First Ascent of Asgard’s North Face
8/22/12 – Joshua Lavigne, Ines Papert, and Jon Walsh climbed 29 pitches up the north face of the South Tower of Mt. Asgard in late July, completing the first ascent of the 4,000-foot Baffin Island wall almost entirely free.
After several days of hiking and load carrying deep into Canada’s Auyuittuq National Park, the three did a one-day ascent of the south buttress of Mt. Loki, probably making the first free ascent (2,100 feet, 5.10+). Following a rest day, the trio then launched up the wall on Asgard with three days of food and fuel but no portaledge. Despite deteriorating conditions, they managed to climb the face in two long days, free-climbing every pitch (onsight) with no bolts, except for a 15-section of icy squeeze chimney they said would have gone at 5.10 in dry conditions, plus one aid move on wet rock on the final pitch. Overall, the route, Sensory Overload, went at a surprisingly modest 5.11+ A1, and at his blog Walsh said “the route would be a good candidate for one-day, all-free attempt, for a two-person team.”
They reached the summit late at night in thick fog and increasing wind, and began rappelling down the south face. However, rain and snow forced them to stop for an uncomfortable second night out just above the glacier. In the morning, the sun appeared and they made it safely back down.
Read Walsh’s account and see many photos at his Alpine Style blog.
In 2009, Walsh and fellow Canadian Chris Brazeau enjoyed an extremely successful trip to Auyuittuq National Park, including the probable first free ascent of the South Tower of Asgard, via the south face, as well as two ascents of Asgard’s North Tower.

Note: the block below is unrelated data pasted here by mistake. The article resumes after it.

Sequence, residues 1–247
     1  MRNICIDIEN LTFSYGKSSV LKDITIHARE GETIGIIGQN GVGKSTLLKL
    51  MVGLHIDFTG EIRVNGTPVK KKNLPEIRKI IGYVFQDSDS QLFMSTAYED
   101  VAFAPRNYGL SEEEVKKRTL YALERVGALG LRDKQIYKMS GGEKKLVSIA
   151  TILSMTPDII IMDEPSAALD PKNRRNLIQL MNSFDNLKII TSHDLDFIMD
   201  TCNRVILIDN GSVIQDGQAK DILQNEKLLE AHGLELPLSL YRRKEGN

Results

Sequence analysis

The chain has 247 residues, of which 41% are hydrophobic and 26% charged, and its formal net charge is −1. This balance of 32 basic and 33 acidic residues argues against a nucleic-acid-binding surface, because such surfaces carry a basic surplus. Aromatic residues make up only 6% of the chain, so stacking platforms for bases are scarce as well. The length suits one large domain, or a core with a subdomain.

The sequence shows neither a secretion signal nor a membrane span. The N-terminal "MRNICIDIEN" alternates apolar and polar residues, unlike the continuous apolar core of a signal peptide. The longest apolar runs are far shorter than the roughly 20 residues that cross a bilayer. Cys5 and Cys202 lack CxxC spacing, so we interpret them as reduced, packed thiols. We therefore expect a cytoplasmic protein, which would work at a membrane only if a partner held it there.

Meanwhile, in far northern Baffin Island, South African climbers Steve Bradshaw, Dave Glass, Clinton Marteningo, and Andrew Porter completed the likely first ascent of a tooth-like pinnacle above Pond Inlet. The quartet free-climbed the route in a 14-hour round trip from the boat they’d used to approach, Dodo’s Delight, captained by the septuagenarian British sailor Bob Shepton. The route went all-free with difficulties up to mid-5.11. Shepton had previously dubbed the peak the Polar Molar.
The same crew recently completed several new routes on Greenland’s west coast, climbing on the walls pioneered by a Belgian-American team in 2010, also approaching via Shepton’s boat. After leaving Baffin Island, the South African team is sailing with Shepton through the Northwest Passage across the top of North America. See their blog here.
Dates of ascents: July 2012